Type to search

Featured Government

FEMA OKs $257M investment to improve performance of Toa Vaca reservoir

The Federal Emergency Management Agency (FEMA) approved a proposed project that will increase the performance of the Toa Vaca reservoir in Villalba by investing more than $257 million in reconstruction funds.

“This is yet another pressing infrastructure project funded by the Hazard Mitigation Grant Program (HMGP) for drought mitigation, important at a time like this,” Central Office of Recovery, Reconstruction and Resiliency (COR3) Executive Director Manuel Laboy, upon announcing the federal funding approval.

“Once completed, Puerto Rico’s southern region will have greater reliability in the water supply,” Rivera said.

The Puerto Rico Aqueduct and Sewer Authority (PRASA) proposed the design and construction of this project that will divert water from the Bauta River to a tributary of the Toa Vaca River to increase the reservoir’s water level. The expansion of the current Toa Vaca treatment plant or the construction of a new one was also approved.

“Faced with climate change and variation in rainfall patterns that have affected the availability of water resources, PRASA focuses on resilient projects that seek to minimize the impact of dry seasons and other climate change events,” agency President Doriel Pagán said.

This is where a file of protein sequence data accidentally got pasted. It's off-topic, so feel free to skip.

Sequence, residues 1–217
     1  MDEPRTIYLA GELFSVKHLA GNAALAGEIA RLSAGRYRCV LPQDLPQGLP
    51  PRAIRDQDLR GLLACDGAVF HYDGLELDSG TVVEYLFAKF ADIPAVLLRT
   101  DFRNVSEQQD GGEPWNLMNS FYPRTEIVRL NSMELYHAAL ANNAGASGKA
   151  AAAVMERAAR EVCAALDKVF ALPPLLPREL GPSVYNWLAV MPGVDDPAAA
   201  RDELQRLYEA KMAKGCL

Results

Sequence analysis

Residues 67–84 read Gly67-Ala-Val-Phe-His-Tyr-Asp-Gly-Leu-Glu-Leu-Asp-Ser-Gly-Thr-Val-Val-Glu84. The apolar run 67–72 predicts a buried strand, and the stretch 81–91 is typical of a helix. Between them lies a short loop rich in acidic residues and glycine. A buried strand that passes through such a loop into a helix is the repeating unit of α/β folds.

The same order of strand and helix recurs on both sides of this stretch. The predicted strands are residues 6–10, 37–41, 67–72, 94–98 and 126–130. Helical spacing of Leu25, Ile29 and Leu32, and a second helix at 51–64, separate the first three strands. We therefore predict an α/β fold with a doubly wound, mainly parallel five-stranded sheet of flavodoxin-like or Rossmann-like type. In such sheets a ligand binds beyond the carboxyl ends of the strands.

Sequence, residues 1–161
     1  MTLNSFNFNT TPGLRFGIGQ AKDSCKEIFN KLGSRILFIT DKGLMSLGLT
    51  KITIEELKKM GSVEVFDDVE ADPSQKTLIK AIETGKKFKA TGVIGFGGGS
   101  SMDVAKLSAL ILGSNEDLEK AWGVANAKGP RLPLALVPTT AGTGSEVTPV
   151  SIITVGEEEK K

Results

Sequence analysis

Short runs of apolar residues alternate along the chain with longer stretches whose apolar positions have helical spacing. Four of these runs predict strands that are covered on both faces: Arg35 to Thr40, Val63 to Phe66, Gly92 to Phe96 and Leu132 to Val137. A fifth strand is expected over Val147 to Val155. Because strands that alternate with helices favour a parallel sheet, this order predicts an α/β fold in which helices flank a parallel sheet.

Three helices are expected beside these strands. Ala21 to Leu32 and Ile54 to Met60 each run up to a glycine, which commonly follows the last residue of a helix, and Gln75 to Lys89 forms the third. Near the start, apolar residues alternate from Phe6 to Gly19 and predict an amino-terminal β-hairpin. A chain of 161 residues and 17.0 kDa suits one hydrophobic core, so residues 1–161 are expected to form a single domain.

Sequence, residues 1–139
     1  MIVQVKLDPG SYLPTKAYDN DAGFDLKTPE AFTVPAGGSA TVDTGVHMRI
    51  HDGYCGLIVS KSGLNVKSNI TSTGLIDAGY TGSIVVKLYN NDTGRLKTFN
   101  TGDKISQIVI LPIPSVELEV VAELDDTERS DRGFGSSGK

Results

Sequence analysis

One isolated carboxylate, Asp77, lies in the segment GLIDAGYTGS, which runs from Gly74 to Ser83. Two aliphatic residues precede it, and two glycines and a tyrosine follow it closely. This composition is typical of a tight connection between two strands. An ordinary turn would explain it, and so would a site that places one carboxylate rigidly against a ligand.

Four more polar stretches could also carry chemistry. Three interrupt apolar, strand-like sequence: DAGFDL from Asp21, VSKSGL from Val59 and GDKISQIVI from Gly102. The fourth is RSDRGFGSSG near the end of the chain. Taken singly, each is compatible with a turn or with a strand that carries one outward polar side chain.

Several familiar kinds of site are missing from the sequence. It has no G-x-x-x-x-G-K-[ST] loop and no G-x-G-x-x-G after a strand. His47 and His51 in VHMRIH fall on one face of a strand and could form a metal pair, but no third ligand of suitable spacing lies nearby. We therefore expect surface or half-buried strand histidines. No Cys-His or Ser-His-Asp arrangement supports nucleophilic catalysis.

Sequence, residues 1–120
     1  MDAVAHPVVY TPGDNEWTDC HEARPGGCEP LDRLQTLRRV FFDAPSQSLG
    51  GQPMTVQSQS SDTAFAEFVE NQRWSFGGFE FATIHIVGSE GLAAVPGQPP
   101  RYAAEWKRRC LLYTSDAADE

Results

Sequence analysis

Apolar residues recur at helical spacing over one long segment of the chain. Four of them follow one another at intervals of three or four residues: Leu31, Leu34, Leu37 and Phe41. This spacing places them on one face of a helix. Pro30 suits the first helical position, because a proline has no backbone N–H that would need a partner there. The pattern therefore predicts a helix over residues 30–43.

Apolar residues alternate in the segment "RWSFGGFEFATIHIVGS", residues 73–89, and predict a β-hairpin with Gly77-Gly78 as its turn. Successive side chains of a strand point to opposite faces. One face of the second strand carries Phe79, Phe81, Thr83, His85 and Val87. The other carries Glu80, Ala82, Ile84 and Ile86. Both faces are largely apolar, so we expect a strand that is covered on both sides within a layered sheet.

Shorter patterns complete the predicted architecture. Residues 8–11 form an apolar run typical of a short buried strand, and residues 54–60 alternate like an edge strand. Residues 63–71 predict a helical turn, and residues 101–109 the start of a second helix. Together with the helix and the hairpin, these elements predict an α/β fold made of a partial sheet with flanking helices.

“The construction of the Bauta tunnel contemplates increasing the safe yield for the Toa Vaca reservoir. This is one of more than 40 projects that directly address the impact of droughts, increasing the availability of water resources,” she said.

This project will result in an increase in the safe yield of the reservoir from 16 million gallons per day (MGD) to 29.9 MGD. In addition, it will increase the treatment capacity from 7.5 MGD to 20.5 MGD, as well as the installation of new transmission pipelines to transport potable water to the areas currently served by groundwater wells, Laboy explained.

Once the project is implemented — which will be carried out in two phases — the operation of the existing water supply wells will be discontinued, allowing the 13.02 MGD of water, currently extracted by the wells, to be used for the restoration of the aquifer, officials said.

Author Details
Author Details
This story was written by our staff based on a press release.

Leave a Comment

Your email address will not be published. Required fields are marked *